I should have phrased my original point a bit more clearly. I should have said
that the local birds ORIGINATED from aviary escapees. I am quite happy to
accept that the birds are now breeding around town. One only has to look at
what has happened to Rainbow Lorikeets around Perth to see what will almost
certainly eventually happen here, with the detrimental impact on native hole
nesting species that are already competing with Common Myna and Common
Starling. I know of a lot of other records from the Kaleen/Giralang area that
never get placed on any sort of report form. These are records sent or told to
me by former colleagues at CSIRO etc. Unfortunately I don’t have the time to
physically write down all these records so they will never make it to the
Annual Bird report and the like.
Sent: Saturday, 5 April 2014 1:35 PM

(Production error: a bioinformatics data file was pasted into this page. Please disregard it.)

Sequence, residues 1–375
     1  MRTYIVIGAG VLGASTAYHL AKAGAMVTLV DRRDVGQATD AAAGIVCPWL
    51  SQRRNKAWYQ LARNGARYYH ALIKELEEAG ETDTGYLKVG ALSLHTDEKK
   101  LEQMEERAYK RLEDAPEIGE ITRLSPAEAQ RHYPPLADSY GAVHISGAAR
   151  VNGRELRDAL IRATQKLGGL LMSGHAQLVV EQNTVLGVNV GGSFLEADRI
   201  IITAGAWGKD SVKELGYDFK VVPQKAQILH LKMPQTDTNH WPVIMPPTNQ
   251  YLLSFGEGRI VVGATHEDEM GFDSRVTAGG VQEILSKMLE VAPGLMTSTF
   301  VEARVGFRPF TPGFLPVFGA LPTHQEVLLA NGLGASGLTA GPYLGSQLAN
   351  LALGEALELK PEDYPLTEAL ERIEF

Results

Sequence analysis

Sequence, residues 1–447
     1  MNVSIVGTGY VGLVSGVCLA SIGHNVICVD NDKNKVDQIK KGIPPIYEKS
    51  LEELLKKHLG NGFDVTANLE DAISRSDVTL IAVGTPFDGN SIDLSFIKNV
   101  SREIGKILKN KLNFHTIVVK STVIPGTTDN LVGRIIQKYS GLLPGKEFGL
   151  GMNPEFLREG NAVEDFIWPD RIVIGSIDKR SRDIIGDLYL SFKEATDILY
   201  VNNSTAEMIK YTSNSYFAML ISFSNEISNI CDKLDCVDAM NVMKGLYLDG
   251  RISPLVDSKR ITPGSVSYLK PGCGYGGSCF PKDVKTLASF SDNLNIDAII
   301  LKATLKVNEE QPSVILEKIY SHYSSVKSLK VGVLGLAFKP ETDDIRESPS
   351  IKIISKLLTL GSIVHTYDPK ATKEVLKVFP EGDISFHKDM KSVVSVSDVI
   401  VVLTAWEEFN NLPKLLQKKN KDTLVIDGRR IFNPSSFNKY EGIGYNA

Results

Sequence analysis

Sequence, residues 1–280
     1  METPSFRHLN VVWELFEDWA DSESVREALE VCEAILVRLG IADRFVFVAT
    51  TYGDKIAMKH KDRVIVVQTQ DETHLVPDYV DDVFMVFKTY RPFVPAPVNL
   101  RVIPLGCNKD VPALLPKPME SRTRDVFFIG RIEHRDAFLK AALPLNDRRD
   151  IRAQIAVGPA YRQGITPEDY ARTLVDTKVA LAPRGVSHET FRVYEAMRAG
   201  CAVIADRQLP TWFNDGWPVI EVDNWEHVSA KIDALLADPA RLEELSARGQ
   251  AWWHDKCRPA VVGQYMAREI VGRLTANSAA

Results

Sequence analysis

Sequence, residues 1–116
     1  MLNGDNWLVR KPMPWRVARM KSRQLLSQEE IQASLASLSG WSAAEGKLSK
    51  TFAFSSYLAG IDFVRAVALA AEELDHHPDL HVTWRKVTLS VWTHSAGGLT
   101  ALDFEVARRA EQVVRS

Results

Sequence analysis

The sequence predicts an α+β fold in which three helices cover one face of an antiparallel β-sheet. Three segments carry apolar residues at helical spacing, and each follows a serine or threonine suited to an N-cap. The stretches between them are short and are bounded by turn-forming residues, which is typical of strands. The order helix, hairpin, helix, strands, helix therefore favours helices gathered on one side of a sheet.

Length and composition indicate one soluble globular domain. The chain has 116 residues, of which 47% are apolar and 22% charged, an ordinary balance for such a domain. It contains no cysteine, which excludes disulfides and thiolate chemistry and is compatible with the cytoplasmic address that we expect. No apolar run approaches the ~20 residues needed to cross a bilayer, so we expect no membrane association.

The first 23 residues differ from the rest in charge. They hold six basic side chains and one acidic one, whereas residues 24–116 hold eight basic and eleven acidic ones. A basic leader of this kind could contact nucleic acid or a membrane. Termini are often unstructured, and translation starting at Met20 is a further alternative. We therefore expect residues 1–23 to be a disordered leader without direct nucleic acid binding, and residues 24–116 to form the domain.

Butterfield'; 'Mark Clayton'
Cc: 'calyptorhynchus .'; 'Canberra
Subject: RE: [canberrabirds] Lorikeets in Hughes (and
the Rainbow Lorikeets first seen in Canberra may well have been intrepid
escapees rather than intrepid explorers blazing new trails through the ranges
from the coast, it is quite clear to me that there has been a significant
presence of the species around Hawker for a number of years, both in summer
and in winter.
other day approximately 50-60 were observed in one group in Marrakai St
Hawker, near a house where it was assumed the residents were feeding
them. Prior to that, groups of 8 to 10 have been reported as far back as
2001 in Hawker. At my house in Scullin at least 2, and up to 6 birds were
observed daily feeding in the very large banksia tree near our front
door. They were there every day, summer and winter. Since we have
removed the tree, we get Rainbow Lorikeets in the yard much less frequently
(still 2 banksias left), but observe small flocks regularly flying
need no further evidence to convince me there is a viable long-term, wild,
breeding population in South Belconnen.
Editor Annual Bird Report
COG Databases Manager